Choosing and Using Measuring Tools

Whether it's length, distance, or angle, when the measurement you take is critical, so is the tool — and so is your technique

Photo by Francesco Mosto
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As a woodworker, I'm obsessed with accuracy in measurements. I once froze a 25-foot steel tape measure and baked another one, to see if they'd still read the same. They came within a sixteenth of an inch of each other before and after, and it didn't seem to matter that I'd shelled out $20 for one and a mere $5.95 for the other.

The lesson here is whether it's lengths, distances, diameters, or angles, you can trust modern measuring tools. The cause of mismeasurement is the person who's measuring — you have to choose the right tool for the task and know how to use it correctly.

On the following pages, you'll find what you need for basic household measuring, plus a few specialized tools for extra-big and super-small jobs. If, like me, you worry about the veracity of your measurements, you can opt for electronic tools, which minimize human error. Even This Old House general contractor Tom Silva, a digital skeptic from way back, has been won over — sort of — by his sonic measuring tool. "I'm always surprised by how accurate it is," he says. "I check it with a tape every time."

See images (left).

WHERE TO FIND IT

Folding rule:
Lufkin
CooperTools
Raleigh, NC
919-781-7200
www.cooperhandtools.com

Dial caliper:
General Tools Mfg. Co.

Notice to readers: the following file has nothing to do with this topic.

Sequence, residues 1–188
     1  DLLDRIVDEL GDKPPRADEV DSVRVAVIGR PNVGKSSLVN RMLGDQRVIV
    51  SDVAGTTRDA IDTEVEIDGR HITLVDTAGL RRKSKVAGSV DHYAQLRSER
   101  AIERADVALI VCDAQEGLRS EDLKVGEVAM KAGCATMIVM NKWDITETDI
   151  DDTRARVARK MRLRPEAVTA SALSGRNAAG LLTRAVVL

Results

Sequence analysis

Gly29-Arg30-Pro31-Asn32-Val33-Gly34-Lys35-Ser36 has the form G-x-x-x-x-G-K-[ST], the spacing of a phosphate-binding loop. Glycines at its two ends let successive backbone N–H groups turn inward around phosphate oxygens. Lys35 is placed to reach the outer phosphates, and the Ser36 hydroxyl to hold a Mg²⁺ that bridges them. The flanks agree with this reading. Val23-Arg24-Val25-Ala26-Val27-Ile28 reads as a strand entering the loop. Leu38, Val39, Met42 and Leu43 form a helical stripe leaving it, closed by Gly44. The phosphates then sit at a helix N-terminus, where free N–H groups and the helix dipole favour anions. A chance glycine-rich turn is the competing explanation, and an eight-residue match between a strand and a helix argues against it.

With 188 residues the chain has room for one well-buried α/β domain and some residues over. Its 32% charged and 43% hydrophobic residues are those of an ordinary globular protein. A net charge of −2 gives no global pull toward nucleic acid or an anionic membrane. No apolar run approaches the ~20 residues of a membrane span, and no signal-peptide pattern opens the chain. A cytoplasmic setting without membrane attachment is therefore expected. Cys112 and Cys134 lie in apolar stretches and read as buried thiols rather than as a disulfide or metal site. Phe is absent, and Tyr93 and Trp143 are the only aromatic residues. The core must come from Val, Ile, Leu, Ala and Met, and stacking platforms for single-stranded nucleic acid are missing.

New York, NY
212-431-6100
www.generaltools.com

As a woodworker, I'm obsessed with accuracy in measurements. I once froze a 25-foot steel tape measure and baked another one, to see if they'd still read the same. They came within a sixteenth of an inch of each other before and after, and it didn't seem to matter that I'd shelled out $20 for one and a mere $5.95 for the other.

The lesson here is whether it's lengths, distances, diameters, or angles, you can trust modern measuring tools. The cause of mismeasurement is the person who's measuring — you have to choose the right tool for the task and know how to use it correctly.

On the following pages, you'll find what you need for basic household measuring, plus a few specialized tools for extra-big and super-small jobs. If, like me, you worry about the veracity of your measurements, you can opt for electronic tools, which minimize human error. Even This Old House general contractor Tom Silva, a digital skeptic from way back, has been won over — sort of — by his sonic measuring tool. "I'm always surprised by how accurate it is," he says. "I check it with a tape every time."

See images (left).

WHERE TO FIND IT

Folding rule:
Lufkin
CooperTools
Raleigh, NC
919-781-7200
www.cooperhandtools.com

Dial caliper:
General Tools Mfg. Co.
New York, NY
212-431-6100
www.generaltools.com

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6-inch dial caliper, from General Tools
Photo by Francesco Mosto
Dial Caliper (for small distances)
Best for: Measuring outside and inside diameters of pipes, screws, and drill bits.
Look for: 6-inch caliper, which can handle most household needs; dial readout that gives measurement in sixty-fourths or hundredths of an inch (metric models also available).
Shown: 6-inch dial caliper, from General Tools, $32.
WHERE TO FIND IT (CONTINUED)
Metal rule:
Empire Level Manufacturing Corporation
Mukwonago, WI
800-558-0722
www.empirelevel.com

Digital tape measure:
The L.S. Starrett Company
Athol, MA
978-249-3551
www.starrett.com

Tape measure:
Stanley Tools Product Group
New Britain, CT
800-262-2161
www.stanleytools.com

Rafter square:
Swanson Tool Co.
Frankfort, IL
815-469-9453
www.swansontoolco.com

Electronic protractor:
Bosch Tools
Robert Bosch Tool Corporation
Chicago, IL
877-267-2499
www.boschtools.com

Sonic measure:
Zircon Corporation
Campbell, CA
408-866-8600
www.zircon.com

100-foot tape measure:
Stanley Tools.

Walking wheel:
Keson Industries, Inc.
Aurora, IL
800-345-3766
www.keson.com
 
 

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